Course 304: Strategies for Selling
When to Sell and Accept the Tax Consequences
In this course
1 Introduction
2 Just How Big a Gain Are You Looking At?
3 When to Sell and Accept the Tax Consequences
4 When to Think About Waiting

Many investors find that their need to sell overrides any tax issues. Here are some cases where going ahead and selling is probably the best option:

If you've held the security for at least one year. If you've held the security that you want to sell for at least one year, you're eligible for long-term capital-gains rates. Long-term capital gains are taxed at a lower rate for most investors; see the IRS's web site for current rates. Meanwhile short-term gains--or gains made on securities held for less than one year--are taxed at ordinary income tax rates, which are higher.

If you can engage in tax-loss selling elsewhere in your portfolio. Tax-loss selling is a way for investors to manage the amount of taxes that they pay on their investments. In tax-loss selling, you sell investments thathave lostvalue to offset the gains that you're taking on winning investments.

But beware: Selling a losing position to offset gains in a winning investment can be a smart tax decision, but a poor investment decision. If you do tax-related selling, sell investments that you'd likely sell even if taxes weren't an issue.

If you have a long time horizon and can compensate for the tax cost of selling over time. For those with a relatively long time horizon, say 15 years or more, consider selling part or all of your appreciated shares, taking the tax hit, and reinvesting in other securities. Because you have so much time to recoup the money you're losing to taxes, selling may outweigh the tax costs.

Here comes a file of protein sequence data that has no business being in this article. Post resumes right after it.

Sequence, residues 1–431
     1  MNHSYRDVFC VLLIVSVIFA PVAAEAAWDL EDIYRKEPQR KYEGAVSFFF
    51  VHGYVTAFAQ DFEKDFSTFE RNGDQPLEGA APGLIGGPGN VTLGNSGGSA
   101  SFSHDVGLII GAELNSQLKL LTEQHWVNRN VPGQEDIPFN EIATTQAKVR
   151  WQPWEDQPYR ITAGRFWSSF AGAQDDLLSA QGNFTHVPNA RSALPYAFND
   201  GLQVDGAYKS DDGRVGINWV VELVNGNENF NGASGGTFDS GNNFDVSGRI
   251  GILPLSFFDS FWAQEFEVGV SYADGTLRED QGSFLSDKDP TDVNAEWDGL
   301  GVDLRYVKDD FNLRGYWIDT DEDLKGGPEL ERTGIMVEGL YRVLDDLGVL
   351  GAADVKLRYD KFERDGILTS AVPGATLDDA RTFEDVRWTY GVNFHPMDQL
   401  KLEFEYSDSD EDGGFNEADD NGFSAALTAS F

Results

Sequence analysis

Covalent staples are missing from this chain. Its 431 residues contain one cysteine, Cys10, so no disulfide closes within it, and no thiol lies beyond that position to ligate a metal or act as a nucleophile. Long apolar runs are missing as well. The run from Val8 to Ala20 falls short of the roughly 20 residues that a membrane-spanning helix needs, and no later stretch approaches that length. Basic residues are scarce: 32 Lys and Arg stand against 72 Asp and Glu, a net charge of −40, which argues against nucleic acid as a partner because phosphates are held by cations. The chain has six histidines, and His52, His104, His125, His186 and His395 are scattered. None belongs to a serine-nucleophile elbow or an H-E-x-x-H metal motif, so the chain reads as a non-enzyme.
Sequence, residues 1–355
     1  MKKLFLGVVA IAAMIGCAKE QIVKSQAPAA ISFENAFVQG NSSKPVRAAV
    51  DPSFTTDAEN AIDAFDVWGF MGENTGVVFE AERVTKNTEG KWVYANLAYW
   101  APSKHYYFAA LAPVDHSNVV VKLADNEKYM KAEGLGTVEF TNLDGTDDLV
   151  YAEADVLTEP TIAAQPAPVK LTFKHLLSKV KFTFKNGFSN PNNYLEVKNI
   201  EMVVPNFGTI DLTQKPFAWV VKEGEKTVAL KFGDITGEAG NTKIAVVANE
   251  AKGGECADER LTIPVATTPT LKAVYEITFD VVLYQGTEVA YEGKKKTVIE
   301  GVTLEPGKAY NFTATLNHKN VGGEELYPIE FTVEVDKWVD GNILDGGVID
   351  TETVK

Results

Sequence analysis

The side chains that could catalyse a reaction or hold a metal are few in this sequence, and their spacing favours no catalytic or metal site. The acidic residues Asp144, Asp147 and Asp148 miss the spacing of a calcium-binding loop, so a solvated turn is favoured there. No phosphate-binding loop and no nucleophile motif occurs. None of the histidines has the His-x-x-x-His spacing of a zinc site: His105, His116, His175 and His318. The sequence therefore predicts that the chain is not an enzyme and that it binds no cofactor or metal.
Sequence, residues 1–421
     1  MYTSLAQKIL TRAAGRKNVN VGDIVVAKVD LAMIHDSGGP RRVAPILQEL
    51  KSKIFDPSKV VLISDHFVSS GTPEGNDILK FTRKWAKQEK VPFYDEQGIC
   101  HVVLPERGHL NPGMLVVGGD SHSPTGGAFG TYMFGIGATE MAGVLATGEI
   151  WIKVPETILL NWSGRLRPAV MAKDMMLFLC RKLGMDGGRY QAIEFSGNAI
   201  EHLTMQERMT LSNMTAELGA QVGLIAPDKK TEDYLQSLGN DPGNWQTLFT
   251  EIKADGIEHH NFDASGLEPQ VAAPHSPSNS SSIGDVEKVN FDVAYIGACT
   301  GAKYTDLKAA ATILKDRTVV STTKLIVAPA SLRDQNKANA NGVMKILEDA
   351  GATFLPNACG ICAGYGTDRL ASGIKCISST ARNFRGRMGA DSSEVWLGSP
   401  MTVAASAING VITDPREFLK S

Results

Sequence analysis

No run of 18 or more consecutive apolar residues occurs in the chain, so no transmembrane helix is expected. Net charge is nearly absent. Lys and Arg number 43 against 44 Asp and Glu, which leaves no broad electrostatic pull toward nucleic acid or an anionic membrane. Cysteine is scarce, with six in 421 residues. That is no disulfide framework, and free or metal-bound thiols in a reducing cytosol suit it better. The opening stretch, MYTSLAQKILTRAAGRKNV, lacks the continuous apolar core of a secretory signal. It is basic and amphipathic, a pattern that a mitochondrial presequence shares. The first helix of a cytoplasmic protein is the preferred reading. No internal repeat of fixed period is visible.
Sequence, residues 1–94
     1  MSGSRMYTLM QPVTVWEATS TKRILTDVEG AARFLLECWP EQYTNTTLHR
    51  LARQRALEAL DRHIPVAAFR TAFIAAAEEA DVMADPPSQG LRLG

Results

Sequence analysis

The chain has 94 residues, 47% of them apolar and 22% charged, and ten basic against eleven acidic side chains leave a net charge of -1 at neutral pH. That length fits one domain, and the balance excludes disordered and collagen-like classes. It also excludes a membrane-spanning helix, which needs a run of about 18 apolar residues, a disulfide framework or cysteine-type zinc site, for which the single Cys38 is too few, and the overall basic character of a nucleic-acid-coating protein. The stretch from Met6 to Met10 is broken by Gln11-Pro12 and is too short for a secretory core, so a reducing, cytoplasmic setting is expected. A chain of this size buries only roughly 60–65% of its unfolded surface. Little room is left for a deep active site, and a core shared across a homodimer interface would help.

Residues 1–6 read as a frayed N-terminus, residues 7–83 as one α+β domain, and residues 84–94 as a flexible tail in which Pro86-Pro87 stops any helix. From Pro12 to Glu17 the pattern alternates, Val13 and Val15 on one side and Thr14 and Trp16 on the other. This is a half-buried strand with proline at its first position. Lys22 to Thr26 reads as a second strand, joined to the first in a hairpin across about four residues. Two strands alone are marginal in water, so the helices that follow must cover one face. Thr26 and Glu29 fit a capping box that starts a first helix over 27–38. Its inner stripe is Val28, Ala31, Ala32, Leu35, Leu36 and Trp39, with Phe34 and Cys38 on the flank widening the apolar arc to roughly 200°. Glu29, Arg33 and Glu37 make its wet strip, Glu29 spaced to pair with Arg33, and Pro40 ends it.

If your portfolio is way out of balance because of this investment. You should have an establishedasset mix for your portfolio. How far off is your current allocation from that target because of this security? The farther off you are, the more benefit you'll gain (in terms of risk control) if you sell at least some of your investment.

If the stock or fund really isn't you. Let's say you made a killing on a stock three years ago only to experience a sickening drop this year. You learned thatinvesting in such heated marketsjust isn't for you, no matter how high the highs can be.

The riskier the investment (and that includes "price risk" in overheated markets), the better off you'll be by selling and diversifying away some of that risk.

If you're convinced bad times are ahead. Most investors would agree that it's better to take a gain on an investment than to take a loss.If you just think nothing but losses are in this investment's future, then sell.

Next: When to Think About Waiting >>

Print Lesson |Feedback | Digg! digg it
Learn how to invest like a pro with Morningstar’s Investment Workbooks (John Wiley & Sons, 2004, 2005), available at online bookstores.
Copyright 2015 Morningstar, Inc. All rights reserved. Please read our Privacy Policy.
If you have questions or comments please contact Morningstar.